NORRIS, TN – Today the Tennessee Valley Authority Board of Directors held a public listening session at the Norris Middle School in Norris, Tenn. Mike Knotts, CEO of the Tennessee Electric Cooperative Association, addressed the board during the listening session, and a readout of his comments is below.


Good afternoon to each of you. My name is Mike Knotts, and I serve as the CEO of the Tennessee Electric Cooperative Association and represent the 25 local utilities serving nearly 3 million people who depend on their cooperative to power their community.

It is a real pleasure to be here and celebrate 90 years of TVA’s history together with you. This history is OUR history, tightly intertwined with that of the local cooperatives and cities that have connected TVA to the millions of people and business over the years.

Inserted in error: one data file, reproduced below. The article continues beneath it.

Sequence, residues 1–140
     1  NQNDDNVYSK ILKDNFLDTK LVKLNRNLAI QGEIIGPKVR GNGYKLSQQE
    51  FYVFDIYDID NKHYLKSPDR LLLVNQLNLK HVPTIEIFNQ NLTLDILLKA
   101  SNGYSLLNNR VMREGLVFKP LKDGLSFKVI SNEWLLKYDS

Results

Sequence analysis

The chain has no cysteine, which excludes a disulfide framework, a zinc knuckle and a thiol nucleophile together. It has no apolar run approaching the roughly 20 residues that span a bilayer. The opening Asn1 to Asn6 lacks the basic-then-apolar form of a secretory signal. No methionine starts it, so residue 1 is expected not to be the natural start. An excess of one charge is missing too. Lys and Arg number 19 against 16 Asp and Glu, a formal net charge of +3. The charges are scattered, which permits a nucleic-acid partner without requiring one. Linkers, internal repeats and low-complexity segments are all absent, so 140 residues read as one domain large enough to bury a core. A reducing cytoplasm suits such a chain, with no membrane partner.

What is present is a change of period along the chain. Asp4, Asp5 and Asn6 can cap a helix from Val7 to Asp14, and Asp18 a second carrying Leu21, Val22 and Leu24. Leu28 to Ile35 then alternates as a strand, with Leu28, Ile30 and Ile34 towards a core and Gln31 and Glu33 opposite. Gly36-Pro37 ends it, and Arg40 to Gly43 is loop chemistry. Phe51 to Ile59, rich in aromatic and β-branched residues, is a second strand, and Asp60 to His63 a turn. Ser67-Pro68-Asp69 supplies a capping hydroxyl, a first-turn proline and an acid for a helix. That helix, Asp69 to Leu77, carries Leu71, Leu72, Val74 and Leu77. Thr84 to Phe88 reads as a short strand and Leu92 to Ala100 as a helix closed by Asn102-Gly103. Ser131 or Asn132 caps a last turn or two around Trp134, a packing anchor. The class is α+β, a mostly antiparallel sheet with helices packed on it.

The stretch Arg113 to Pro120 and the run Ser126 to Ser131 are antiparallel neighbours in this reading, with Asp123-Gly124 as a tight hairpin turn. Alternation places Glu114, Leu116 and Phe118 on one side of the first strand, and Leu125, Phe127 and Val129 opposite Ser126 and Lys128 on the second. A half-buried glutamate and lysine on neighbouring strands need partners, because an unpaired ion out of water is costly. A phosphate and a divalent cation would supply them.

There is no denying that the connection between TVA, local power companies, and the residents of the Tennessee Valley have made an indelible impact on the lives of generations of Americans. Our story is unique in American history. And while the issues of the day and the challenges we face may look different in 2023 than they did in 1933, we should take pride in knowing that we have literally changed history through our unchanging mission of the last 90 years. We have a great story to tell.

Taking time to reflect on this is important. Electric cooperatives innately understand and appreciate the history TVA is celebrating today because we helped shape it – both in the Valley and across the country.